Frankel et al. (1998) also investigated botanical original as a potentially correlated characteristic, and found that the chemical activity of honey is significantly influenced by floral source. In their study, honey samples were taken from 14 different floral sources that varied 20 fold in antioxidant content. The highest concentration of antioxidant content (measured in units referred to as μeq) was found in very dark Illinois buckwheat honey (432 x 10-5 μeq), compared to the lowest antioxidant content in light colored California button sage honey (21.3 x10-5 μeq) (Frankel et al. 1998). Furthermore, the phenolic acid composition, and consequently antioxidant activity of honey, can be attributed to the plant species foraged by honey bees. For example, ellagic acid is a phenolic acid that has been used to identify heather honey, while hydroxycinnamates are specific to chestnut honey (Pyryznska & Biesaga 2009). Additionally, Bertoncelj et al. (2007) identified statistically significant (p < 0.05) differences in antioxidant activities between the types of honey sampled. Amongst their subsamples of Slovenian honey, acacia honey had the least antioxidant activity (44.8 mggallic acid/kg of honey), followed by lime, and multifloral honey. In contrast, the values for fir honey (241.4 mggallic acid/kg) and forest honey (233.9 mggallic acid/kg) were approximately five fold higher than the value for acacia honey (Bertoncelj et al. 2007). Beretta et al. (2005), who also measured gallic acid to identify the phenolic content of honey samples, obtained similar results for acacia and multifloral honey. Interestingly, Beretta et al. (2005) found that the antioxidant power of honey samples of the same botanical origin were similar, despite differences in their geographic origin. For example, their value for Mexican buckwheat honey (482.17 ± 2.40 mggalic acid/kg) was similar to the value, as reported in the literature, for California buckwheat honey (456 ± 55 mggalic acid/kg). Throughout the literature, botanical origin has been regarded as the factor that is most influential to the phytochemical composition of honeys.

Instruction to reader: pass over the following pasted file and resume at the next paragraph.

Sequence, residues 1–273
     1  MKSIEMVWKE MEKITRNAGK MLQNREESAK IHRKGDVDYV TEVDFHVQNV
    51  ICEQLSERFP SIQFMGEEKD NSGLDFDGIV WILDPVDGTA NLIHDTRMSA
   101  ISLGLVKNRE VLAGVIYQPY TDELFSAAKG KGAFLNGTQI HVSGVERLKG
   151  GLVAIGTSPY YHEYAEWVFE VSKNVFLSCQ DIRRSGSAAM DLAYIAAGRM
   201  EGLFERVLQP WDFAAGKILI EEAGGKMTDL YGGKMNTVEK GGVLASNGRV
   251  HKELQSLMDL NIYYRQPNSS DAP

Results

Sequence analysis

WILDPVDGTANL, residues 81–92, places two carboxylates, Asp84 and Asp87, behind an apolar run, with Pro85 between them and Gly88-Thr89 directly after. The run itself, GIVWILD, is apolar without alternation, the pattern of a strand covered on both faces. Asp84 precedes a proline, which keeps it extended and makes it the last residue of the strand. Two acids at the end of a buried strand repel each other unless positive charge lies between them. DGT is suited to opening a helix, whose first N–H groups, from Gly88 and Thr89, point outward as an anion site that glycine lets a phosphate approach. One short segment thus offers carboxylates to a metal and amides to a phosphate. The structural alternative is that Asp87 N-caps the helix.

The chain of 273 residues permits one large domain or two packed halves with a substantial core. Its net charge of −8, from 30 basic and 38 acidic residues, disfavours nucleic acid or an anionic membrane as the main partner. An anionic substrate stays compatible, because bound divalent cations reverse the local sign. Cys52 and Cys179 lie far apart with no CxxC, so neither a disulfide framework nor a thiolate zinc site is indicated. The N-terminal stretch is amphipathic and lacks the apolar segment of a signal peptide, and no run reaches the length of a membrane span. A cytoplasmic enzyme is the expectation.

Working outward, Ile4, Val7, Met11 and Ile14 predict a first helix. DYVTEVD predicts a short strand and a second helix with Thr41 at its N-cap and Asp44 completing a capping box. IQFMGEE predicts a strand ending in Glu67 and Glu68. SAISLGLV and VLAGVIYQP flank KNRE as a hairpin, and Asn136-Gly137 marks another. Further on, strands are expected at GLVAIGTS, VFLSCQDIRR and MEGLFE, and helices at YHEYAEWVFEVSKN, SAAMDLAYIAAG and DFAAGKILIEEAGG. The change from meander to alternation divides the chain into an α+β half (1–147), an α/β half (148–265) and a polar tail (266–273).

The botanical origin of honey and its processing, packaging and storage practices also influence the antioxidant value of honey (Bertoncelj et al. 2007). Blasa et al. (2006) investigated the presence of antioxidants in raw and processed Italian Millefiori (multifloral) honey samples. They found that the total polyphenols (mg CAE/100g honey) were 3.2 times lower in processed, multifloral honey samples when compared to unprocessed samples (Blasa et al. 2006). High quality commercial practices and minimal processing may help to preserve the antioxidant properties of natural honey.

This article has summarized some of the ways in which phytochemical composition contributes to the antioxidative activity of honey (Al-Mamary et al. 2002). Honeys that are dark in color are generally rich in phenolic compounds and have greater antioxidative potential. Moreover, in some cultures, dark-colored and strong tasting honeys (e.g. chestnut, buckwheat) are regarded to be of premium quality and perceived to provide health benefits. Ultimately, the potential impact of antioxidant content of honeys for human health should be explored through further research.

An earlier version of this paper was submitted in the Apiculture and Honey Bee Biology course taught by Gard W. Otis, University of Guelph.